Salvator Mundi Viewers awestruck
Christies, the British auction house, have made sure that members of the public have had a chance to view the Leonardo da Vinci masterpiece, “Salvator Mundi”, before it heads back into private hands for $450 million. More than 20,000 people from all walks of life have come to gaze at Leonardo da Vinci’s Salvator Mundi. After centuries in the hands of royal and private owners, its return to the public consciousness has resulted in queues wrapping around Christie’s exhibition spaces in London, Hong Kong, San Francisco, and New York. The experience of setting eyes on a work described as the ‘Divine Mona Lisa’ — one of fewer than 20 paintings acknowledged as being from the Renaissance master’s hand — is one that has moved people in many different ways, with those experiences being shared myriad times via social media. But what if the tables were turned and the Salvator Mundi (Saviour of the World) could share with us what he has seen these last few weeks? Having witnessed the most intimate details in the lives of successive French and English kings, what would the figure of Christ, depicted holding the well-being of the world in the palm of his left hand, now make of us?
Within the beautifully lit Christie’s exhibition space in Rockefeller Center, a camera was set up beneath the Salvator Mundi to record a video portrait of those who came to spend time with it. Using the wide range of responses to the masterpiece, a single piece of film has been created that shows the divine moment of connection between this powerful, mysterious, enigmatic portrayal of Christ and those who have felt compelled to observe it.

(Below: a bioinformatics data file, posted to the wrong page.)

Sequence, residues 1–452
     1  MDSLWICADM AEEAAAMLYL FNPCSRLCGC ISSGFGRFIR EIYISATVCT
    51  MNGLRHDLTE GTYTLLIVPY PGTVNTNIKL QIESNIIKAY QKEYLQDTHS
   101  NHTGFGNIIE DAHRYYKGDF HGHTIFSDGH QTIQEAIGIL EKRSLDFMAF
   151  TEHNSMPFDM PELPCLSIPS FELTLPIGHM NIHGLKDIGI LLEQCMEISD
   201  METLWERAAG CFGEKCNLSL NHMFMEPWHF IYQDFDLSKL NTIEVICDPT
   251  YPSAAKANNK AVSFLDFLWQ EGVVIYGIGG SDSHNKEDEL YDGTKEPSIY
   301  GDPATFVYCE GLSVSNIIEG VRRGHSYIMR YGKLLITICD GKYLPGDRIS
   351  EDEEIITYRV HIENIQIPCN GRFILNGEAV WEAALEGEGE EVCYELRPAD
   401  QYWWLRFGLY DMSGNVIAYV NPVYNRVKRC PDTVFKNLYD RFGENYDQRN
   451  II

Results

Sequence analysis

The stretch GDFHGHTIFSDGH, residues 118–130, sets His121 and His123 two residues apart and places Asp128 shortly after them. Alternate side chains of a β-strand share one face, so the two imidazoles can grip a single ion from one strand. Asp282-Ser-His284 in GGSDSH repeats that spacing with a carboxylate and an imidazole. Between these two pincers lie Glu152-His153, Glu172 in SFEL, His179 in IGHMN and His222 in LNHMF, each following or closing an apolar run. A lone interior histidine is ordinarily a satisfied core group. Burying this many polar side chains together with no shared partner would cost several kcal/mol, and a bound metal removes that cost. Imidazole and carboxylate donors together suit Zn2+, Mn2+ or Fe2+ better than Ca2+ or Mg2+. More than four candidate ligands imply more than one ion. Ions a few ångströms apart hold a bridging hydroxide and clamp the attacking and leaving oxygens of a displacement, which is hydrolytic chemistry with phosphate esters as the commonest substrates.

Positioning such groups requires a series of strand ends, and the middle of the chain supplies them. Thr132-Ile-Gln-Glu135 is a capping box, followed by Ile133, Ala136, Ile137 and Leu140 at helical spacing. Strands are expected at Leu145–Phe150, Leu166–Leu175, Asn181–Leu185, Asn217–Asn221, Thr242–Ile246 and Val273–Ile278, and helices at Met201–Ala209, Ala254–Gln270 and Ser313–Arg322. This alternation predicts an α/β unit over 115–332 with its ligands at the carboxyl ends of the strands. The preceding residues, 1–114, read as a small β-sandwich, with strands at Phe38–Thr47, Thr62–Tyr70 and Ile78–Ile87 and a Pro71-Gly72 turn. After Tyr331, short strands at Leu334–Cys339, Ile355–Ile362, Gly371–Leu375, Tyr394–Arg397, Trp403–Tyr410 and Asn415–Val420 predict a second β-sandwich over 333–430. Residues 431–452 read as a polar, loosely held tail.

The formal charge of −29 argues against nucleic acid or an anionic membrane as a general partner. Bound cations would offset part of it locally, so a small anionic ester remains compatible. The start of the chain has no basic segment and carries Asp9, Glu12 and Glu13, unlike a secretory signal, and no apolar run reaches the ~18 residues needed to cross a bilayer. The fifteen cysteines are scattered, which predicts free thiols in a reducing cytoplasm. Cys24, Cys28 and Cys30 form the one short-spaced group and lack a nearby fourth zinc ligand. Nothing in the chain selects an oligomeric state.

The Salvator Mundi World Is Watching film is cut to four minutes and 14 seconds to reflect the fact that in his painting, Leonardo presents Christ as he is characterised in the Gospel of John 4:14: ‘And we have seen and testify that the Father has sent his Son as the Saviour of the World.’
Salvator Mundi World Is Watching Credits
The World Is Watching campaign was developed at Droga5, New York, by creative directors Toby Treyer-Evans and Laurie Howell, senior copywriter George McQueen, senior art director Tom McQueen, senior producer Jen Chen, and producer Isabella Lebovitz.
Editor was Gary Knight at Cut + Run, with assistant editor Natalie Kasling, executive producer Lauren Hertzberg, producer Eytan Gutman. Post production was done at Jogger Studios by online producer Yoko Lytle and editor Joey Grosso.
Colourist was James Bamford at The Mill.